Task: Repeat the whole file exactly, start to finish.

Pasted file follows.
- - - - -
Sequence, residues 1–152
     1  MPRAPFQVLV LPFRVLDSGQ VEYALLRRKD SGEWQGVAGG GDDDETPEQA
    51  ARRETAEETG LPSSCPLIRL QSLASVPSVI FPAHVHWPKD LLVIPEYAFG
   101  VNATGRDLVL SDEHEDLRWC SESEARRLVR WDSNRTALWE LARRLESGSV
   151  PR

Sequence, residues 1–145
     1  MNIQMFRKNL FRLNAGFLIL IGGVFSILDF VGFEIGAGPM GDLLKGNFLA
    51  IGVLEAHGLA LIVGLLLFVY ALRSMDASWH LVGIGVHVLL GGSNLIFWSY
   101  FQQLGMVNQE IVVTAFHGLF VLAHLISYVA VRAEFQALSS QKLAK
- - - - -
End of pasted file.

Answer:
Sequence, residues 1–152
     1  MPRAPFQVLV LPFRVLDSGQ VEYALLRRKD SGEWQGVAGG GDDDETPEQA
    51  ARRETAEETG LPSSCPLIRL QSLASVPSVI FPAHVHWPKD LLVIPEYAFG
   101  VNATGRDLVL SDEHEDLRWC SESEARRLVR WDSNRTALWE LARRLESGSV
   151  PR

Sequence, residues 1–145
     1  MNIQMFRKNL FRLNAGFLIL IGGVFSILDF VGFEIGAGPM GDLLKGNFLA
    51  IGVLEAHGLA LIVGLLLFVY ALRSMDASWH LVGIGVHVLL GGSNLIFWSY
   101  FQQLGMVNQE IVVTAFHGLF VLAHLISYVA VRAEFQALSS QKLAK